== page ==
Licensing and Regulatory Affairs
May 14, 2015 - Protecting your family and property from water and wind damage due to flooding, tornadoes and severe storms is the focus during the second week of Building Safety Month. The Bureau of Construction Codes in the Department of Licensing and Regulatory Affairs offers important and practical safety information.
Sump pump failure causing basements to flood during times of heavy rainfall, the most common catastrophe in many Michigan homes. Just a few inches of water from flooding can cause tens of thousands of dollars in damage to your home and contents.
First, know the different types of sump pumps and purchase a pump that is best for protecting your home. Primary sump pumps, standard in most homes, pump up to several thousand gallons an hour of seepage water out of basements to prevent flooding. The two types of primary sump pumps are submersible pumps (put under water in the sump pump basin or pit); and pedestal pumps that are not submerged but rather sit above the sump pit.
Battery backup pumps and generators provide added insurance in case of a power outage; sump pumps will be useless as they are electric-powered. If the power goes out, the back-up system or generator will take over to rid the sump basin of water and keep your basement dry. Water-powered backup sump pump systems that do not rely on electrical power to operate are also available.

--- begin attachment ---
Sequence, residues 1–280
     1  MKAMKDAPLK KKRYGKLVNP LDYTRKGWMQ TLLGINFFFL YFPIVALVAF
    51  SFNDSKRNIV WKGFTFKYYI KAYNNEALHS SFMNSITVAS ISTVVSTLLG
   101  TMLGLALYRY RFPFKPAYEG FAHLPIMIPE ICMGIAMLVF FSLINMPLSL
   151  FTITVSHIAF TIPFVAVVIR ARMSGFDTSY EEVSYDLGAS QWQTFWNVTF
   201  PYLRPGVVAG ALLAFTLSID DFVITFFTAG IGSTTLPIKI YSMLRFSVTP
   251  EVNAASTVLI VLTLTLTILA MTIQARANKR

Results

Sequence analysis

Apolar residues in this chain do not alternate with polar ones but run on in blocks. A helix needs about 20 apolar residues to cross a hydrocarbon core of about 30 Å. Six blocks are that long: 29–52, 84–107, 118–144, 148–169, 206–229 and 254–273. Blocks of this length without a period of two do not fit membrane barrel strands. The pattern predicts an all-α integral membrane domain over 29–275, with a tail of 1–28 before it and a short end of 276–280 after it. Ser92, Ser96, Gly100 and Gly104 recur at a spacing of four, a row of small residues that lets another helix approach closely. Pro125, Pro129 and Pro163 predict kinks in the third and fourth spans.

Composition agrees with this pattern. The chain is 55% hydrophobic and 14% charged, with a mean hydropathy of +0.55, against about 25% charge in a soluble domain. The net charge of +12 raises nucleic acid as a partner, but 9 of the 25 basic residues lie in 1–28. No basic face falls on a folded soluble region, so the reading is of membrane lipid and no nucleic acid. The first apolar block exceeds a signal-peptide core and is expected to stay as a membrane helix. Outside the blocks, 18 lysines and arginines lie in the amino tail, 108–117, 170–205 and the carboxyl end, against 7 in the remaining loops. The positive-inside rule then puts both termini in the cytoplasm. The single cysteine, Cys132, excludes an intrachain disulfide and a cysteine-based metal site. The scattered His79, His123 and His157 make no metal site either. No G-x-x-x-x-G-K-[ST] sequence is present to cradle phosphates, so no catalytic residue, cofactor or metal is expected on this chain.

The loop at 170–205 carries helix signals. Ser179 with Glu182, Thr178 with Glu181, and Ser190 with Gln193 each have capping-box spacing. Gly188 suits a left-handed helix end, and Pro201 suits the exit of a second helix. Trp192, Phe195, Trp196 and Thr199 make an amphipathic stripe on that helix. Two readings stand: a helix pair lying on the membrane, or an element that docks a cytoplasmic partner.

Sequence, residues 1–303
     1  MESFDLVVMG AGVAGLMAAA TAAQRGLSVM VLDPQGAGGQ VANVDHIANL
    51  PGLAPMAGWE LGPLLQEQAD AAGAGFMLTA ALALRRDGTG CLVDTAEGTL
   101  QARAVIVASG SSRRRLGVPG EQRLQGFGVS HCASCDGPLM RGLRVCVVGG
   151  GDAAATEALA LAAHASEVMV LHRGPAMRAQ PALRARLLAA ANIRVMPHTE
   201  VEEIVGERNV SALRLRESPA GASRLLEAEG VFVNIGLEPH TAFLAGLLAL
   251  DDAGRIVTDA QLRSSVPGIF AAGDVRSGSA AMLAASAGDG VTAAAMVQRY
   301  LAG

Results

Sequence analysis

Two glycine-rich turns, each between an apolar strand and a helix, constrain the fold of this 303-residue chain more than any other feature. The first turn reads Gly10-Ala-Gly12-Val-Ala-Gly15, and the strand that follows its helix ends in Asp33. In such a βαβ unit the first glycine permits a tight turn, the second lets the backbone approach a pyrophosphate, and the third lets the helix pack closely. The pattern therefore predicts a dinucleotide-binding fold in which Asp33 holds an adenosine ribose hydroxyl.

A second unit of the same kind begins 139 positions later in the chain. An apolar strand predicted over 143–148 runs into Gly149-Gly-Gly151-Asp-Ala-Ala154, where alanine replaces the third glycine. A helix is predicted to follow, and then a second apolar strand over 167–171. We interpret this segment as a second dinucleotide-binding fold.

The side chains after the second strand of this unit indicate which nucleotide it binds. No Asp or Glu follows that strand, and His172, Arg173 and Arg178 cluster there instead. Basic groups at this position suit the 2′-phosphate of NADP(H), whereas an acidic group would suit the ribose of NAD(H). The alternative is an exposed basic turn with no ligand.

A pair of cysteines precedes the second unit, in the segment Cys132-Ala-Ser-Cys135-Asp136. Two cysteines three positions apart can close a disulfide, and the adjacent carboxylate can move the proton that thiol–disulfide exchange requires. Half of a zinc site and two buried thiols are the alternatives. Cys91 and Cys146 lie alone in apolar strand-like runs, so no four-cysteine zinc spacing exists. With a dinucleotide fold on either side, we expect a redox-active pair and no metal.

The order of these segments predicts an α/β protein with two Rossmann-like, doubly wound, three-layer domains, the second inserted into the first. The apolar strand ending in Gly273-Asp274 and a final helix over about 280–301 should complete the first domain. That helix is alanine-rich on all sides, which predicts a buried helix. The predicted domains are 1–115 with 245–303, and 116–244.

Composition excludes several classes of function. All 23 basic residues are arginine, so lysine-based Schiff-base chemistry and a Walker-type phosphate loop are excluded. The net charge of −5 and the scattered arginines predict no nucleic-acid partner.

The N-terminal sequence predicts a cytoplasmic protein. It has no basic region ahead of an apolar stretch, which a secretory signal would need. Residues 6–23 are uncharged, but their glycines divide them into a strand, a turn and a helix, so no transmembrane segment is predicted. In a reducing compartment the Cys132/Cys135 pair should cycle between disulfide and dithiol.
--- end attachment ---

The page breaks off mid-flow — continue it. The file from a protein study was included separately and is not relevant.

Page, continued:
Do regular maintenance to help avoid future sump pump problems or failure. The average lifespan of a sump pump is about 10 years and they eventually wear out. Here are a few maintenance tips:
Also consider raising electrical system components, including fuse and circuit breaker boxes, meters, switches and outlets to help prevent potential damage from flood water or fires caused by short circuits in flooded systems. If having your electrical system raised, hire a licensed contractor to make modifications to ensure the work is done according to code. The contractor should check with the local power company about the maximum height allowable to raise the electric meter.
For homes equipped with an old-style fuse box or low-amperage service, homeowners may want to consider upgrading to a modern circuit breaker system and higher-amperage service, especially if there are large appliances or other electrical equipment that draws a lot of power.
The Michigan Residential Code has minimal reference to building homes to withstand high winds because, unlike some parts of the country, Michigan is not considered to be in a high wind area. However, there is regular maintenance that homeowners can do to help reduce the amount of wind damage to their home in the event of a severe storm or tornado.
Regularly check the weather resistance features of your home. Preventive maintenance can minimize wind damage. Here are some things to look for:
LARA's Bureau of Construction Codes works to ensure that the built environment and the systems within are sound, safe, and sanitary; the public's health, safety, and welfare is protected; and that, through a coordinated program of code compliance, investigation and training, there is consistent application of standards.
For more information, go to the Bureau of Construction Codes website at www.michigan.gov/bcc.